The Night Hunt - Poem by Thomas MacDonagh
In the morning, in the dark,
When the stars begin to blunt,
By the wall of Barna Park
Dogs I heard and saw them hunt
All the parish dogs were there,
All the dogs for miles around,
Teeming up behind a hare,
In the dark, without a sound.
How I heard I scarce can tell--
'Twas a patter in the grass--
And I did not see them well
Come across the dark and pass;
Yet I saw them and I knew
Spearman's dog and Spellman's dog
And, beside my own dog too,
Leamy's from the Island Bog.
In the morning when the sun
Burnished all the green to gorse,
I went out to take a run
Round the bog upon my horse;
And my dog that had been sleeping
In the heat beside the door
Left his yawning and went leaping
On a hundred yards before.
Through the village street we passed--
Not a dog there raised a snout--
Through the street and out at last
On the white bog road and out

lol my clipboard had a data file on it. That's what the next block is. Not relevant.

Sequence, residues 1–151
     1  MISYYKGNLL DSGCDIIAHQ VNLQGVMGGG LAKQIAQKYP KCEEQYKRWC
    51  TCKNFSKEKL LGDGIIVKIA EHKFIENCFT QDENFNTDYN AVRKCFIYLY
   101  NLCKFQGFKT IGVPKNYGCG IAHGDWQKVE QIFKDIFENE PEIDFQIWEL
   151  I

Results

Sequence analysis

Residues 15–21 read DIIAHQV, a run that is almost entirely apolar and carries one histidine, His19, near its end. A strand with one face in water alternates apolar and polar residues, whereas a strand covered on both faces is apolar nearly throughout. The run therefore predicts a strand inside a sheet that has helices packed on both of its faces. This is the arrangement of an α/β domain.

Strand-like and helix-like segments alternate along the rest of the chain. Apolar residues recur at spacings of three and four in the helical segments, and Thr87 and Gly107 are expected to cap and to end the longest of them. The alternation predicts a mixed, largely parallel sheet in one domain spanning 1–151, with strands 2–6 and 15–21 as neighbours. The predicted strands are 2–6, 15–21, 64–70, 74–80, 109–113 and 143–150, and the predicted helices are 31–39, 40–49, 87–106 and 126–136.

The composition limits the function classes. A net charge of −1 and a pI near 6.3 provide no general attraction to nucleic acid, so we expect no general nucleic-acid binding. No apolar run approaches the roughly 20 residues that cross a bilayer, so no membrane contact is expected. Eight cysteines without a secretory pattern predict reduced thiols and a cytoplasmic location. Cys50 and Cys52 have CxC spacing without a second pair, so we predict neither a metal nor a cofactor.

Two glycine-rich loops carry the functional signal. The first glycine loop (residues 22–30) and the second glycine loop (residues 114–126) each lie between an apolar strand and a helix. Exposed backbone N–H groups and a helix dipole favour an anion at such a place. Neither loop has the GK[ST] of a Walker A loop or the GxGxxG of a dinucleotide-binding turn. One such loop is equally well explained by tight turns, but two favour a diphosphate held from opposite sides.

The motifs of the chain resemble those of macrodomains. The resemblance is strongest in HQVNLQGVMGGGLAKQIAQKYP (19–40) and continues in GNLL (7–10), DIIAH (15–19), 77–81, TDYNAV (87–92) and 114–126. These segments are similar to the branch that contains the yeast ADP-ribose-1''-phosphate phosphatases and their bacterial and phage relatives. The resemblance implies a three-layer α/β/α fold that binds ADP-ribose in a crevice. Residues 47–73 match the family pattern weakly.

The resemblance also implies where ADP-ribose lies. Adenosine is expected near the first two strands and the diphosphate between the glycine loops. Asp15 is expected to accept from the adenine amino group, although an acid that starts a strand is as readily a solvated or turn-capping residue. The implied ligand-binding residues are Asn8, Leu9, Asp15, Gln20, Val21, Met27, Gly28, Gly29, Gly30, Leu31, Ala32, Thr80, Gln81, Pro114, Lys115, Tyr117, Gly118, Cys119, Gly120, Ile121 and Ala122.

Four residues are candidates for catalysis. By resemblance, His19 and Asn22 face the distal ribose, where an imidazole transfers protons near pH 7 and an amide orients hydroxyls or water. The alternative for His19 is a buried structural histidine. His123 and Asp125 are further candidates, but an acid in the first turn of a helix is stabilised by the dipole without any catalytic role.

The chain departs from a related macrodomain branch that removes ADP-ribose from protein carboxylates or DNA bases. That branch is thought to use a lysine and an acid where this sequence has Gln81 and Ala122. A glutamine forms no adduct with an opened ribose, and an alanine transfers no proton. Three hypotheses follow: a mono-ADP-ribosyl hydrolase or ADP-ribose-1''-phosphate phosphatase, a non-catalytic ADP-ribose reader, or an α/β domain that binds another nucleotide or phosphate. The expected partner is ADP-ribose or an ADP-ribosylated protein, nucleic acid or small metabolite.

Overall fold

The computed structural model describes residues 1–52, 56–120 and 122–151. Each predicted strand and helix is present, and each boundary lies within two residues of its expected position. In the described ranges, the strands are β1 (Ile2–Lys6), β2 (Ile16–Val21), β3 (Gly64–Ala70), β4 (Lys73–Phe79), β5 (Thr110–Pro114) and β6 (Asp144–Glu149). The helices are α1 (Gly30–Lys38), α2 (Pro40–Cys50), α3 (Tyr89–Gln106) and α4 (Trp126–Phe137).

Over Barna Park full pace,
Over to the Silver Stream,
Horse and dog in happy race,
Rider between thought and dream.
By the stream, at Leamy's house,
Lay a dog -- my pace I curbed --
But our coming did not rouse
Him from drowsing undisturbed;
And my dog, as unaware
Of the other, dropped beside
And went running by me there
With my horse's slackened stride.
Yet by something, by a twitch
Of the sleeper's eye, a look
From the runner, something which
Little chords of feeling shook,
I was conscious that a thought
Shuddered through the silent deep
Of a secret -- I had caught
Something I had known in sleep.
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